I Am Under Criminal Investigation, What Should I Do?
Most individuals contact Los Angeles Criminal Lawyer after discovering that they are under investigation because they are suspected of having committed a crime. This is the right choice, by contacting an attorney before you have been accused of a crime; you are providing LACL more opportunities to defeat any criminal charges against you. However, most people who discover they are under investigation are naturally concerned about the implications of being under investigation in the first place. What can they expect to happen? Will they be put in jail? Is it necessary to have an attorney representing you while you are under investigation? What should they do?
This article will focus on the last question, what you should do if you are under investigation. The best thing anybody can do for themselves is to contact an attorney the moment they discover they are under investigation
1. Contact an attorney immediately
There are significant benefits to having an attorney in your corner before criminal charges are pressed against you. Most importantly, it is possible to avoid criminal charges altogether. Having an attorney, who is well-versed in the law, can provide your attorney with effective ammunition against future prosecution.
It is important to note that people who are asking you questions about crimes you may have committed is a preliminary effort to obtain evidence. They are not making conversation; they are trying to build a case against you!
2. Do not talk to the person asking you questions, and resist the urge to talk about what you are under investigation for.
As mentioned above, if you are under investigation people are attempting to gain information they can utilize to press charges and ultimately obtain a conviction. You are not required to talk to anyone. Law enforcement may show up at your residence, produce a warrant, and search your house; this does not mean you are obligated to answer any of their questions. If a warrant is presented, your only obligation is to allow law enforcement to complete the search. If law enforcement approaches you and asks to search anything, they do not have the legal right to do so. You are under no obligation to allow them to conduct a search either.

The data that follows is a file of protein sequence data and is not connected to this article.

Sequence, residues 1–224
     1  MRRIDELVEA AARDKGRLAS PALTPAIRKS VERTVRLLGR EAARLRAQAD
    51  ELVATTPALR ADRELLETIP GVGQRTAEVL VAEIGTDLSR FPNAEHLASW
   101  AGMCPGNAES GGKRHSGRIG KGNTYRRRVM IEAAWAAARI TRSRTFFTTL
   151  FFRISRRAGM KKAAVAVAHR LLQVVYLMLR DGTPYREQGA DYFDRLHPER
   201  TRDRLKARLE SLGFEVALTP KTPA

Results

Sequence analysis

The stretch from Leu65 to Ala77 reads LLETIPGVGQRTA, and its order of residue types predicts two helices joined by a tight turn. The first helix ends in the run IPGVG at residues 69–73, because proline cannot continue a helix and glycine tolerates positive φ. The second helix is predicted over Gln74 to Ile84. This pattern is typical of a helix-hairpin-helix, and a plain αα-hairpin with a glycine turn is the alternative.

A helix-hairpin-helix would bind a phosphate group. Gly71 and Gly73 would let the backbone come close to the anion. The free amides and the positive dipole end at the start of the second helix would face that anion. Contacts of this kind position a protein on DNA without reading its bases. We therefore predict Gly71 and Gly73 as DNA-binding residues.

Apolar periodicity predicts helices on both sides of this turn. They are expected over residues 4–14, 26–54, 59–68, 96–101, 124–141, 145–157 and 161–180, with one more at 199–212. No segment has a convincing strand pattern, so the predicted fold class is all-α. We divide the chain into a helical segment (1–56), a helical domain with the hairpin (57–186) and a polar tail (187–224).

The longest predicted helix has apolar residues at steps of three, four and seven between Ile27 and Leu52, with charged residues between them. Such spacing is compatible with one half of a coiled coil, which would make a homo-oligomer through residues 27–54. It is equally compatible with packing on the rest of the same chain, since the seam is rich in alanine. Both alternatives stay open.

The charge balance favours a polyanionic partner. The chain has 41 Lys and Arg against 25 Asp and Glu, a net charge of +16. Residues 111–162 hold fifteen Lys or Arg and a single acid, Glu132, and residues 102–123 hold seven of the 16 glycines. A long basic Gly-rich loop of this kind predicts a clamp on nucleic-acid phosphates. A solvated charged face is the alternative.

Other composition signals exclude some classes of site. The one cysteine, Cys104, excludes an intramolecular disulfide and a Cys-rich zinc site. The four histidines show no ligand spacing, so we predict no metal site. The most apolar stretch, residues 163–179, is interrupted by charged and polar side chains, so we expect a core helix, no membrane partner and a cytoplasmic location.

The first response of most people who have discovered that they are under investigation on suspicion that they committed a crime is to discuss the events with other people. Do not do this. Investigators will also approach your friends and family in an effort to extract information you may have shared with them. Everyone responds differently when approached by law enforcement, and even body language can provide information to the observant investigator. People who are tasked with investigating crimes are highly trained in the art of extracting useful information and reading body language. Even people you trust completely can accidentally give an investigator the exact information they need to pursue charges against. If you are under investigation, resist the urge to talk to anyone about it.
3. DO NOT destroy evidence
It is imperative that you do not destroy evidence after you discover that you are under investigation for the commission of a crime. Aside from the destruction of evidence being a crime itself, if the Prosecution can show that you destroyed evidence, they may be able to invoke presumptions that the evidence was “bad for you.” While some evidence may be damaging to your case, a skilled attorney can mitigate the effect of that evidence by either forcing it to be excluded from evidence for any number of reasons, or introducing other evidence which casts the evidence in a different light. The simple fact that evidence exists, which could point to your guilt, does not mean that it can’t be used to help your case as well.
4. Avoid Lying
The act of lying to law enforcement could be pursued as an independent crime, and could enhance penalties you face if you are ultimately convicted. Additionally, investigators are extensively trained to identify when someone is being dishonest with them. This in turn will heighten their suspicion, and induce them to pursue information about you more vigorously. You are never obligated to speak to law enforcement, and can opt to remain silent or contact Los Angeles Criminal Lawyer. Remember, every piece of information you provide to law enforcement when you are under investigation could be used as evidence later. The less the Prosecution has, the more likely you are to achieve a favorable outcome to your case.
What Does it Mean to be Under Investigation?
If you are under investigation for the commission of a crime, which means that local law enforcement suspects that you have committed a crime. Once they suspect you have committed a crime, local law enforcement will begin searching for evidence that ties you to that crime. If you are under investigation, this does not mean that you will be arrested; it is possible that you will be arrested in the future though.